South Asia

Rule-bound governance matters

Under Prime Minister Narendra Modi, violation of human rights and suppression of dissent are becoming normal in India. International non-governmental organisations (INGOs) are finding it ever more difficult to work in this country of more than 1.3 billion people. Governmental and multilateral providers of official development assistance (ODA) should reconsider their stance.
Muslim women assessing arson damage at a mosque in Mustafabad in north-eastern Delhi in late February. Mattoo/picture-alliance/ Muslim women assessing arson damage at a mosque in Mustafabad in north-eastern Delhi in late February.

India has a long history of INGO engagement. Their work tends to focus on marginalised groups, including women, for example, as well as Dalits, Adivasis or Muslims. INGOs have been critically perceived by previous governments, but the Modi government is taking things further. In particular, it radically restricted their funding channels under the Foreign Contributions Regulation Act (FCRA). The offices of globally active civil-society organisations such as Amnesty International or Greenpeace have seen funding cancelled. Moreover, their offices were raided with the pretext of law enforcement.

According to the government, foreign NGO funding was reduced by about 60 % from 2014, when Modi became prime minister, to 2017. Some 4,800 non-governmental organisations, most of them Indian ones, lost their license to operate in 2017 alone. Things will get tougher. The new Financial Bill 2020 requires NGOs to renew registrations every five years.

The current government is striving for Hindu supremacy (“Hindutva”). Its anti-minority policy affects Muslims most of all (see box by Arfa Khanum, Tribune section of D+C/E+Z e-Paper 2020/03) but other minorities as well. Christian organisations, for example, are facing harassment. Compassion International was accused of facilitating religious conversions and told to shut down.

The phenomenon of a shrinking space for civil society is currently evident in many countries, including, for example, Russia, Brazil or the Philippines. Inward-looking nationalists have a pattern of entrenching their power with aggressive identity politics, but not solving pressing problems of poverty or environmental destruction.

India’s government has created a narrative according to which anyone who opposes it is anti-national and even a potential security threat. Since December, it has been facing an unprecedentedly broad-based and non-violent social movement that wants to uphold India’s secular constitution, which forbids discrimination on religious and other grounds (see Arfa Khanum in Tribune section of D+C/E+Z e-Paper 2020/03). In response, Hindutva proponents have been using hate speech (“shoot the traitors”). The pogrom they launched in Delhi in late February claimed more than 50 lives (see blog post on our D+C/E+Z website).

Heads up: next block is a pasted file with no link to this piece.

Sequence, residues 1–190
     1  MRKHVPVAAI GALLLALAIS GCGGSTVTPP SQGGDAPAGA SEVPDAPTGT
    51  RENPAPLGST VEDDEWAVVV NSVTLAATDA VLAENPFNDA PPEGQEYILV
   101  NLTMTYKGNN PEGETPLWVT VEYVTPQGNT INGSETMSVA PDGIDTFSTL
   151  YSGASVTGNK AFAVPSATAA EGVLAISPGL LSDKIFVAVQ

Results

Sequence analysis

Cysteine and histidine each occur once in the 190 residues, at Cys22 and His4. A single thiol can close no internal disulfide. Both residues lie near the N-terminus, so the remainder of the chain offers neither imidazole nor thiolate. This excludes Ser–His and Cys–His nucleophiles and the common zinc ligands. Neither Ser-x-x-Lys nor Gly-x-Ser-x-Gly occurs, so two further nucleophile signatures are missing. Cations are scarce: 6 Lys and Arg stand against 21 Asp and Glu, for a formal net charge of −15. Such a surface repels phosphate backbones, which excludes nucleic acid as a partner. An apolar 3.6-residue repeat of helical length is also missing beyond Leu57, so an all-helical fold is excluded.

India’s economy is in a downturn. The recent insolvency of Yes Bank, a major private-sector outfit, is compounding the problems. International financial-market turmoil will certainly not help. Many Indians, including Hindus who do not endorse the government’s ideology, fear that oppressive Hindutva action will make things worse.

India is a major recipient of official development assistance. Only a small share is channelled through INGOs. Financially more important providers include multilateral organisations such as the UN Development Programme or the World Bank and bilateral government agencies such as the Japan International Cooperation Agency (JICA) or the German development cooperation agency GIZ. They are only involved in politically sensitive issues like human rights or the rule of law to a limited extent because they focus on things like infrastructure, energy and climate protection. However, it is well understood that good governance is essential for related projects to succeed, so rule-bound governance must matter to them too.

For several reasons, they cannot withdraw from a nation with 14 % of the world population fast or entirely. To a large extent, moreover, ODA programmes are geared to global public goods such as the climate. On the other hand, multilateral and bilateral agencies’ infrastructure funding gives the Modi government scope for pursuing other agendas.

International media have become aware of how dangerous Modi is and INGOs are not giving up the fight for equality and human rights. For diplomatic reasons, multilateral and bilateral agencies cannot spell out criticism in public, but if they told India’s current leadership that they wanted to get more involved in governance issues, Modi and his cabinet might get the message.

Richa Arora is an Alexander von Humboldt fellow at the German Institute for International and Security Affairs (Stiftung Wissenschaft und Politik – SWP).

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